Suspect stands trial for murder of Filipino missing in Canada
WINNIPEG, Manitoba – Nearly four years after Eduardo Balaquit’s disappearance on June 4, 2018, his alleged killer stood trial before a jury in Winnipeg.
The accused, Kyle Alexander Pietz, 36, has pleaded not guilty to manslaughter and is presumed innocent. The Crown alleges he caused Balaquit’s death during a robbery.
Balaquit, 56, disappeared on June 4, 2018 and his body has not been found despite an extensive search that included Arborg, Manitoba.
Constable Christine Mazerolle, a member of the Winnipeg Police Service (WPS), testified Tuesday she was sent to the Balaquit family’s home on the morning of June 5, 2018, after they filed a missing person report because Balaquit didn’t return home from work the night before.
The officer testified she then went to Westcon Equipment on Keewatin St. where Balaquit worked as a cleaner. The jury was told his van was found parked at a neighboring business.
“We observed that the front passenger side window was smashed,” Mazerolle testified.
During cross-examination by Pietz’s lawyer, the officer told the court: “There was a hole in the window big enough for my partner to put his arm through.”
Mazerolle testified that officers found safety glasses, some clear plastic, a piece of pipe outside the vehicle as well as a cell phone inside and that Balaquit’s son Edward attended the scene.
“We believed that phone was his father’s,” Mazerolle told the court.
“It’s breaking my heart all the time,” Eduardo’s wife, Iluminada, tearfully testified on the opening day of the trial, CBC News reports.
Crown attorney Vanessa Gama, speaking Monday morning, told the 14-member jury that the evidence presented in the trial will show that Balaquit is dead, and that Pietz is responsible.
“This is a case about a man driven by desperation, and the desperate measures he took on June 4, 2018 that cost Eduardo Balaquit his life,” Gama said.
Consistency and routine
In her opening statement, Gama said Balaquit’s life of “consistency and routine” left a trail for police following his disappearance on the night of June 4, 2018 — and that trail led directly to Pietz, according to the CBC.
That trail included a mysterious trip to Arborg, Manitoba, and back the night of Balaquit’s disappearance. Two of his debit cards were used at a 7-11 on Ellice Avenue, with correct PINs, and money was withdrawn.
“This is a case about financial desperation,” Gama told jurors.
Gama contrasted the characters of Balaquit and Pietz.
Balaquit was a hard-working man who owned his own cleaning business while working a full-time job he had held for more than 20 years, she said. Pietz, on the other hand, “was spiraling out of control.”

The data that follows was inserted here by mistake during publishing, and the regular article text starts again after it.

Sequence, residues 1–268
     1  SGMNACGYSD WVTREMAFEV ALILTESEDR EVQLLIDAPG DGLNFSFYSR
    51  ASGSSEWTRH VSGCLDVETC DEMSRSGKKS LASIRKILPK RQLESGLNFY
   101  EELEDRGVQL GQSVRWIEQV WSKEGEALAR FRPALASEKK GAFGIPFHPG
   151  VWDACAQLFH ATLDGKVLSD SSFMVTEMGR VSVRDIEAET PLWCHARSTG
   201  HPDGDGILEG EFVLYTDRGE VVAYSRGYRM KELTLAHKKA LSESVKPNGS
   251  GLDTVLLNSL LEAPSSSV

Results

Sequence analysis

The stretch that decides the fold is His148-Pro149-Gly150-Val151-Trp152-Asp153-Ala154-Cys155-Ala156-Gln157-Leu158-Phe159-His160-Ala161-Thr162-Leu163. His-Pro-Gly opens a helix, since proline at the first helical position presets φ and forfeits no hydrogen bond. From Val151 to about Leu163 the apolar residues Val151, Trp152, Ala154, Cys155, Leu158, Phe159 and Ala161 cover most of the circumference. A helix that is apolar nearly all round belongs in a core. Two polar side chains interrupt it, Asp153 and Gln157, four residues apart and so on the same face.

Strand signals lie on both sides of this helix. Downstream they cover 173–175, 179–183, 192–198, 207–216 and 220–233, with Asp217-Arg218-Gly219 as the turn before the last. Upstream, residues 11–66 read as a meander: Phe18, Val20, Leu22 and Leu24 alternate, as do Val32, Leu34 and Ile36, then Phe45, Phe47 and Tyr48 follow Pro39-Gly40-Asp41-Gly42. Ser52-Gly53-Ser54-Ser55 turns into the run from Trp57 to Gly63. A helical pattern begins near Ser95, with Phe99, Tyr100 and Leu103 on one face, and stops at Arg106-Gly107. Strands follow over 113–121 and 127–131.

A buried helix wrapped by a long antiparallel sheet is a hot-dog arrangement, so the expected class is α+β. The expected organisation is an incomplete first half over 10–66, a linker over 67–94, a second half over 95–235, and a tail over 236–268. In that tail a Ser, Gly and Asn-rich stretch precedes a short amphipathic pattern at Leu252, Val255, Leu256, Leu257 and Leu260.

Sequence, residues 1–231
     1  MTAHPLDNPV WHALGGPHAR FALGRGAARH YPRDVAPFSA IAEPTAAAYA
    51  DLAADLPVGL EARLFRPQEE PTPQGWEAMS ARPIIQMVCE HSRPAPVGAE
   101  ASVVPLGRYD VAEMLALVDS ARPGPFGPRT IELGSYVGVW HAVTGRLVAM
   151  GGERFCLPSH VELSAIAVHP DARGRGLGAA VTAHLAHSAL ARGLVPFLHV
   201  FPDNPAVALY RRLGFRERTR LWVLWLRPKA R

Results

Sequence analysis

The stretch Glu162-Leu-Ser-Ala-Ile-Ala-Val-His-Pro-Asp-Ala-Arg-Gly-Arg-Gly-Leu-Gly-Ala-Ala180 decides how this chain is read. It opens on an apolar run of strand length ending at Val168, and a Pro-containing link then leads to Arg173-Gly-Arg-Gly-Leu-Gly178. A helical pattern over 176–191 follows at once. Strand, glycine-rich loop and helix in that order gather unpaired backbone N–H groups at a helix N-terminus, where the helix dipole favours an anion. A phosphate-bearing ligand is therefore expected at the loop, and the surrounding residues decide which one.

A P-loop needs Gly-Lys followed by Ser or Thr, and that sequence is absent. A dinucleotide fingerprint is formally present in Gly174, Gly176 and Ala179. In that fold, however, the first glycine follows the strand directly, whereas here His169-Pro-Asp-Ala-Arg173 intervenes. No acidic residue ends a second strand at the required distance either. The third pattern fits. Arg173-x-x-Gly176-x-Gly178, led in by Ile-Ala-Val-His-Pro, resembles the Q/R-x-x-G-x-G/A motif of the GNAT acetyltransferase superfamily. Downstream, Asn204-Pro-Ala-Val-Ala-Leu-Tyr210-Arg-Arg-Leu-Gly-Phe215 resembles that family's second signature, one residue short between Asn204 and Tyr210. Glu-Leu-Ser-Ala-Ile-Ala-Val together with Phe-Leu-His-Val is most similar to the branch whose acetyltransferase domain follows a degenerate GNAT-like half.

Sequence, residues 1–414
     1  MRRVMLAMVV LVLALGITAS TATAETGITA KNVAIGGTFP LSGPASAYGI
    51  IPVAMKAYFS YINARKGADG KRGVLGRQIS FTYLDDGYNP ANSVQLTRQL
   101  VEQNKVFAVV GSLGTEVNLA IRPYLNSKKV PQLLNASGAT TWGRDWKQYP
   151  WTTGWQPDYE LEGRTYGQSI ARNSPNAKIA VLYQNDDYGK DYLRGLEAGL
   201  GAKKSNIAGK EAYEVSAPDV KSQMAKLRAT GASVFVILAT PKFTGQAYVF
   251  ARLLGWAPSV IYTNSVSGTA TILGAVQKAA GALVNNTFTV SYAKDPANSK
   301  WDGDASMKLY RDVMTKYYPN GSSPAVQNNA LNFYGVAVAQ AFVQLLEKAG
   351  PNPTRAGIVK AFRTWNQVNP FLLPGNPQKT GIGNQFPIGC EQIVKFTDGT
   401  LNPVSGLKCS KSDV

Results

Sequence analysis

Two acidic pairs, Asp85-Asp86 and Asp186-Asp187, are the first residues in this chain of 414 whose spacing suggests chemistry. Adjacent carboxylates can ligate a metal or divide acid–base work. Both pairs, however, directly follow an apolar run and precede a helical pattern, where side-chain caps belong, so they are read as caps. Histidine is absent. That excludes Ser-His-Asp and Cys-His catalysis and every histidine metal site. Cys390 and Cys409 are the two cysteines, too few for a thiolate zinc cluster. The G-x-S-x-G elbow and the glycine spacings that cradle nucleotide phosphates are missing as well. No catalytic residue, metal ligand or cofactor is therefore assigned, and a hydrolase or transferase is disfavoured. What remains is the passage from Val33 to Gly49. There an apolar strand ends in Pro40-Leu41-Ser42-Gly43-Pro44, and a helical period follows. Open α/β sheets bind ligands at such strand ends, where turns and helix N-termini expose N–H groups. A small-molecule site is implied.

“By June 4, 2018, payments were bouncing, creditors were calling, and he had absolutely no money in his bank account. For Kyle Pietz, it was financial rock-bottom,” Gama said.
Break-in and theft
One of the businesses Balaquit cleaned was Westcon Equipment on Keewatin Street, where Gama said Pietz previously worked.
On April 24, 2018, there was a break in at Westcon and $1,700 were taken from a petty cash box. Pietz’s fingerprint was found on a pamphlet used to jimmy the lock into the building, Gama said.
Shortly after the break-in, Pietz stopped showing up to work.
On June 4, 2018, Balaquit went to clean the offices at Westcon. That same day, near closing time, an employee noticed Pietz’s vehicle circling the building, Gama said.
“Mr. Balaquit entered his alarm code at 6:05 p.m., and he was never seen or heard from ever again,” Gama said.
Police spoke to Pietz the day after Balaquit’s disappearance. Pietz told police he had been with Balaquit, Gama said.
Pietz became a suspect and police searched his home. They found pivotal evidence of what happened to Balaquit the night he went missing, Gama said.
Although the prosecutor says evidence will show who was responsible for Balaquit’s death, and when, where and why it occurred, it may not show how he died, Gama said.
In addition to his wife, the court heard from Balaquit’s two adult sons, Edward and Erwin Balaquit.
Erwin Balaquit told court that he sometimes helped his father clean at Westcon, but that he had never heard of Pietz before.
He said it was unlike his father not to call if he was going to be home late, and his family began searching after he didn’t return. The next day, he found his father’s van with the passenger window smashed.
Iluminada Balaquit said her husband had no history of mental health problems, had no medical issues, and had never gone missing before.
“He was always happy,” she said. “You’re never going to see him down.”
She said Balaquit was a dedicated family man who always celebrated birthdays and anniversaries, and was preparing for their son Edward’s wedding before he disappeared.
The trial is expected to last six weeks.